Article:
Interest Level and Expectations
Accessing Audience Information
Creating the Speaker-Audience Connection
Get to the Point Quickly
Have Confidence: They Want to Hear Your Speech
Be of the People, Not Above the People
Use Humor
Get Personal
Encourage Participation
Examine Other Situational Characteristics
Learn as You Go
What You've Learned
Key Terms
Review Questions

Chapter 4 – Listening and Critiquing Speeches
Listening and Public Speaking
Listening and Other Communication Activities
The Importance of Good Listening Skills
Reflect on How You Listen
Reasons Audiences Stop Listening
The Four Stages of Listening
1. Sensing
2. Interpreting
3. Evaluating
4. Reacting/Responding
Eight Steps for Fine-Tuning Your Listening Skills
1. Get Ready to Listen
2. Minimize Personal Barriers to Listening
3. Leave Distractions Behind
4. Do Not Rush to Judgment
5. Listen First for Content, Second for Delivery
6. Become an Effective Note Taker
7. Be an Active Listener
8. Provide Feedback
Critiquing Speeches
Five Key Criteria for Evaluating Speeches
What You've Learned
Key Terms
Review Questions

PART TWO – Preparing and Presenting Your Speech
Chapter 5 – Research and Supporting Material

Develop a Research Strategy
Start (and End) with an Audience Analysis
Assess Your Own Knowledge and Skills
Search Print and Online Resources
Interview, If Appropriate
Supporting Your Speech
Five Functions of Support
Forms of Support
Guidelines for Using Facts
Guidelines for Using Statistics
Guidelines for Using Examples
Guidelines for Using Testimony
Guidelines for Using Analogies
Documenting Information Accurately in Your Speech
What You've Learned
Key Terms
Review Questions

Chapter 6 – Organizing and Outlining Your Ideas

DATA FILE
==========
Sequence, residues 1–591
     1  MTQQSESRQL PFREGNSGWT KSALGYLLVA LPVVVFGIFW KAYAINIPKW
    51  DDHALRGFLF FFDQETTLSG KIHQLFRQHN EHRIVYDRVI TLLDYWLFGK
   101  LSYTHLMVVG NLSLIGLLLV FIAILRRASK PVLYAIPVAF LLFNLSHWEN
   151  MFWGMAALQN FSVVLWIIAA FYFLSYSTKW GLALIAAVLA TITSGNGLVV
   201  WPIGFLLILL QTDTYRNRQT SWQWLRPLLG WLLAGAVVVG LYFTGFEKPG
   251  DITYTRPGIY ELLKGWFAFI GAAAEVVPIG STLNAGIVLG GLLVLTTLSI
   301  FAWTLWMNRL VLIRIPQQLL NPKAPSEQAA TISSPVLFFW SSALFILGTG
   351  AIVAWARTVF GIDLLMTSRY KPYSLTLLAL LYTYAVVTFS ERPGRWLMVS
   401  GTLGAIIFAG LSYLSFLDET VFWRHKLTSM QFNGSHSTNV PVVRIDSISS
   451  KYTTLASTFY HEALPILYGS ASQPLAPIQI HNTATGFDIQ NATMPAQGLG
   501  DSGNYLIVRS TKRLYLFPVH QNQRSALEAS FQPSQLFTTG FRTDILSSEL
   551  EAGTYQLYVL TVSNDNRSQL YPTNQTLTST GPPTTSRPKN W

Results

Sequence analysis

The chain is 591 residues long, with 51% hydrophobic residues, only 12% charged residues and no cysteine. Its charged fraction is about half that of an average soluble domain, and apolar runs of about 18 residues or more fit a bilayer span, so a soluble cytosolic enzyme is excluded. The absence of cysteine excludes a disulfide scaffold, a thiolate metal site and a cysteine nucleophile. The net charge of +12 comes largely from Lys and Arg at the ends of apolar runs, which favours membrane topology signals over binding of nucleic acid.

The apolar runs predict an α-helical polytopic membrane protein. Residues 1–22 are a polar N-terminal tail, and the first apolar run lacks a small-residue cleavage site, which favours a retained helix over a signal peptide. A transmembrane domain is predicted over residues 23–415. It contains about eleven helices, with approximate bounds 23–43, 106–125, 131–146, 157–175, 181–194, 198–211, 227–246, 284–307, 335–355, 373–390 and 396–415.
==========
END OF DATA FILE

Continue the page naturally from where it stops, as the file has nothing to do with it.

The Importance of Organizing a Speech
Organizing the Body of Your Speech
Select Your Main Points
Support Your Main Points
Choose the Best Pattern for Organizing Your Main Points
Chronological Organization
Spatial Organization
Cause and Effect
Problem-Solution Organization
Topical Organization
Create Unity Through Connections
Internal Previews and Summaries
Constructing an Outline and Speaker’s Notes
The Planning Outline
Speaker’s Notes
What You've Learned
Key Terms
Review Questions

Chapter 7 – Introducing and Concluding Your Speech
Functions of Introductions
How to Introduce the Same Speech in Different Ways
Developing Effective Introductions
Five Guidelines and Suggestions for Introductions
Common Pitfalls of Introductions
Functions of Conclusions
Developing Memorable Conclusions
How to Conclude the Same Speech in Different Ways
Common Pitfalls of Conclusions
What You've Learned
Key Terms
Review Questions

Chapter 8 – Language
Characteristics of Spoken Language
Word Order
Guidelines for Language and Style
Be Concrete
Use the Active Voice
Use Language to Create a Theme
Use Varying Language Techniques to Engage Listeners
Use Humor with Care
Language Pitfalls
Long and Unnecessary Words
Using Euphemisms: Language That Masks or Muddles
Jargon, Slang, and Profanity
Exaggeration and Clichés
Phrases That Communicate Uncertainty
What You've Learned
Key Terms
Review Questions

Chapter 9 – Confidently Delivering Your Message
Choosing the Right Delivery Method
Impromptu Speaking
Extemporaneous Speaking
Using a Manuscript
Using Your Voice
Eliminating Nonfluencies
Using Your Body
Using Note Cards
Using a Legal Pad, Outline, or Electronic Tools
Physical Movements
Facial Expressions
Eye Contact
Communication and Public Speaking Apprehension